Last week, analysis reported in The Times, identified the substantial variations in council tax across the country, with residents in the north paying 20% more than residents in London boroughs, irrespective of the huge difference in the property prices across those regions. Northern councils have drawn attention to the fact that funding formulas involving business rates are favouring authorities in more affluent areas of the country.

No UK government, in recent times, has relished the challenge of addressing the regional inequalities of local taxation and funding formulas for local authorities but, with the current cost of living crisis and the focus on levelling up, perhaps now is the time to do so?

Cost of living crisis

This week, analysis by the Resolution Foundation suggests that the average household will be £2,100 worse off by the end of the next financial year.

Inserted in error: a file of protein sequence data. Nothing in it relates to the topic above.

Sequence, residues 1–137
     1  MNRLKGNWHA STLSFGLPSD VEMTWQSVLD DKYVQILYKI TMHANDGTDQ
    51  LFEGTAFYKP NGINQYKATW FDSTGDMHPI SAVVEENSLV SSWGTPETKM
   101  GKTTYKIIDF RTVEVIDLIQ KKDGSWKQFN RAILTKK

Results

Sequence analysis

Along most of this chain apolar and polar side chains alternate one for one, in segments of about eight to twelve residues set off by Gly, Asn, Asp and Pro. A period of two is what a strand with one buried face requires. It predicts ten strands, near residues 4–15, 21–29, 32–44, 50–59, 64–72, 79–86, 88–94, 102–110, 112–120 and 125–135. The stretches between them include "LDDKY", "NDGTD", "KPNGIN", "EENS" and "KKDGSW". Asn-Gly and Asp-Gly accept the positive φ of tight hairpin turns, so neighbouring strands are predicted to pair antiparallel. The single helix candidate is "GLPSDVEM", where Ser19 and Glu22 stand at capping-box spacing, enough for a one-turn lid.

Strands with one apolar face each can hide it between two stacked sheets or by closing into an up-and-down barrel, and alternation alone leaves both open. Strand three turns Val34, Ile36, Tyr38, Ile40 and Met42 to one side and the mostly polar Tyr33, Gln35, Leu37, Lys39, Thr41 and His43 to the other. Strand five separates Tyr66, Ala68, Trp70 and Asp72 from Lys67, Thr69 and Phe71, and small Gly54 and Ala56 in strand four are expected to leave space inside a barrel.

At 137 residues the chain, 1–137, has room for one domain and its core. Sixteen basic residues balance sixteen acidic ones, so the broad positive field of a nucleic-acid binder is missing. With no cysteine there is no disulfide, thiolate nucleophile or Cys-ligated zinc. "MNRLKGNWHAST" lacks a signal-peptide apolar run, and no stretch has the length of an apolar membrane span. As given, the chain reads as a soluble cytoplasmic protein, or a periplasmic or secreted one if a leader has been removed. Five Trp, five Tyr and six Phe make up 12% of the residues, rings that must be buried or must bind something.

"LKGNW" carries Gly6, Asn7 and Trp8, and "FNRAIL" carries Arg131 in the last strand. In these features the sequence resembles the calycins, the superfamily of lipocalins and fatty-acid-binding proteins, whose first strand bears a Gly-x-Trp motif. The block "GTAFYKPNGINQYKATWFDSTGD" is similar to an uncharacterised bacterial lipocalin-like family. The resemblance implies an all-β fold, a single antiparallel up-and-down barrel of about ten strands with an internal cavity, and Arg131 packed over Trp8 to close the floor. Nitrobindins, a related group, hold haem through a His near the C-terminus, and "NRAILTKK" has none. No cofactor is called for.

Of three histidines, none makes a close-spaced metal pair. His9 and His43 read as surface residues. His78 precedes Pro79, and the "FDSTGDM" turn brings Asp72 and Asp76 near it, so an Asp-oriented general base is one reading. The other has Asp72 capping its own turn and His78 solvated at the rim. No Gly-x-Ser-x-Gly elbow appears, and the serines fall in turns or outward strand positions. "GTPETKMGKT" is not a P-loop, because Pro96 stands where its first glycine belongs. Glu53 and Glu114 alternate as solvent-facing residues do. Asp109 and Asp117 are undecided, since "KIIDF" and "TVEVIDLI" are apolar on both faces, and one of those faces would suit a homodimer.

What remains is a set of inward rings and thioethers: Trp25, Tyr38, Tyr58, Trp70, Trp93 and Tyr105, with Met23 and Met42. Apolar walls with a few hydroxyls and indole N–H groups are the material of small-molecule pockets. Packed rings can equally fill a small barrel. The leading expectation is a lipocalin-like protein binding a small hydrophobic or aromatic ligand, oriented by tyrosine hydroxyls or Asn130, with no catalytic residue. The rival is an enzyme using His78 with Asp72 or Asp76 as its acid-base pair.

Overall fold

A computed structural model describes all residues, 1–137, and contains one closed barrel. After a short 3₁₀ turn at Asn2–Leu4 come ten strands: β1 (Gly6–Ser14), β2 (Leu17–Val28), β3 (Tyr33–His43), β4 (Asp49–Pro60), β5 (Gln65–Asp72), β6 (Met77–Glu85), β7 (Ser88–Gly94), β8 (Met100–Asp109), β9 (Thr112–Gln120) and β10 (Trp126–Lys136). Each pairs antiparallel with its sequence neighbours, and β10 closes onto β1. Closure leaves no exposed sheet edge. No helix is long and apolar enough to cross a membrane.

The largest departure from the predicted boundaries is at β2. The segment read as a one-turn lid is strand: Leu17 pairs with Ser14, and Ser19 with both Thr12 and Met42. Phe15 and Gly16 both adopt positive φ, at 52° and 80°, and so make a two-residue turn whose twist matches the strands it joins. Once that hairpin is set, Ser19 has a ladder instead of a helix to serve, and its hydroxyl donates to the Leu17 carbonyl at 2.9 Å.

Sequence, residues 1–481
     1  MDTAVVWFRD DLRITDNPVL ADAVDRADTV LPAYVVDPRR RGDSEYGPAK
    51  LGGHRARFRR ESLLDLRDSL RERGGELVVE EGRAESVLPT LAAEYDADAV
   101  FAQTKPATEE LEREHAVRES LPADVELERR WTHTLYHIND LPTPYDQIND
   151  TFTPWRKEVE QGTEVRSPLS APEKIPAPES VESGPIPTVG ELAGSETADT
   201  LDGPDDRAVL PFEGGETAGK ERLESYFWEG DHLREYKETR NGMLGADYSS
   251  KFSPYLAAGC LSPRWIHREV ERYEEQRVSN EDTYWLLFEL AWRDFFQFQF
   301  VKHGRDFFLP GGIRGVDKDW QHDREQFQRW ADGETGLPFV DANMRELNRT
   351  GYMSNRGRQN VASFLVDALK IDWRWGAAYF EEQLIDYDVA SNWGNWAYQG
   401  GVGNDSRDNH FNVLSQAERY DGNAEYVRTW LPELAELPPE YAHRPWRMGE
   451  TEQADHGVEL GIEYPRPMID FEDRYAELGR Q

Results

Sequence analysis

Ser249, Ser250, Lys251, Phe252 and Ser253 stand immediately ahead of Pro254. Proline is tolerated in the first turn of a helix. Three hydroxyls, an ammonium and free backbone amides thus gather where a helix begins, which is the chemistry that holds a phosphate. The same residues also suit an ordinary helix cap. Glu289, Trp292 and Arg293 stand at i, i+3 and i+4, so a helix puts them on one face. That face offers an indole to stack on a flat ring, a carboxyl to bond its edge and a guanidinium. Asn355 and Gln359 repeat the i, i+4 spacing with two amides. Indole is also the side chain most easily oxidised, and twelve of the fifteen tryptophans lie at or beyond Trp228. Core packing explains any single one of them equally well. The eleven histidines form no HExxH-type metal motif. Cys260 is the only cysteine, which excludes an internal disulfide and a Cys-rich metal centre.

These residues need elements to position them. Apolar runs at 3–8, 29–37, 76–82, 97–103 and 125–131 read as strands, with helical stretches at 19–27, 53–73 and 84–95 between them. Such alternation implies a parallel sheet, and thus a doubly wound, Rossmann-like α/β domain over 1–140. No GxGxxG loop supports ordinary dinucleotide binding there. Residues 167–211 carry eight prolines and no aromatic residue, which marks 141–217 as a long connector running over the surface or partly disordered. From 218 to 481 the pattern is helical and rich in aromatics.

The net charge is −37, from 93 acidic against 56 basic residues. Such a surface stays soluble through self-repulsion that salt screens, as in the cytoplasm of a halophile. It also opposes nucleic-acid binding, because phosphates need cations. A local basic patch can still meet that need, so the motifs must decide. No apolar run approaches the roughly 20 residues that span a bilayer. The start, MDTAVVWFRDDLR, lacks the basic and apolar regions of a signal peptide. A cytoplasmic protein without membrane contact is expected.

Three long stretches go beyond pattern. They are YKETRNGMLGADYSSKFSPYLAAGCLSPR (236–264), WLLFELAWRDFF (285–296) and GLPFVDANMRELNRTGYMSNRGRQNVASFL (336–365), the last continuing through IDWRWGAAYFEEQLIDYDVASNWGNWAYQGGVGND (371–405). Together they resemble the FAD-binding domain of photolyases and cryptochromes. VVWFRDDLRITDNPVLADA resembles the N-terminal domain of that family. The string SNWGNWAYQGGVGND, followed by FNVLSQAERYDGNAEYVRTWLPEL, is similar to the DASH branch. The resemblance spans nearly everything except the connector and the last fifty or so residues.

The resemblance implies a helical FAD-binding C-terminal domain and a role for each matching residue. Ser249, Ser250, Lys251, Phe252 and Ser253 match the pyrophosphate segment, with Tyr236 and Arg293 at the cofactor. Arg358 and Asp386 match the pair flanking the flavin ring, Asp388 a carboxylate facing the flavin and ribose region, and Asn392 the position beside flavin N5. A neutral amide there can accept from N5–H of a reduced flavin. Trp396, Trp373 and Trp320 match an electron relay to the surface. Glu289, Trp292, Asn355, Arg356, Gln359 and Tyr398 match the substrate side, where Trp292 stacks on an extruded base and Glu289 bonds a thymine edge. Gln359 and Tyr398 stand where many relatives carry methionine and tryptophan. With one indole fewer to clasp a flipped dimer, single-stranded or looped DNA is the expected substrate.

Last week, London Councils published research that looked at the role of local authorities in providing local welfare assistance (LWA) schemes and called on the government to re-establish ring-fenced, long term funding for local authorities’ LWA schemes, which was abolished in 2015/16.

Refugees and asylum seekers

In December, the Independent reported that protections for asylum seekers held in short term processing centres have been ‘quietly rewritten’ by the immigration minister, Robert Jenrick, including increasing the time that migrants can be held in the centres and watering down other obligations and rights.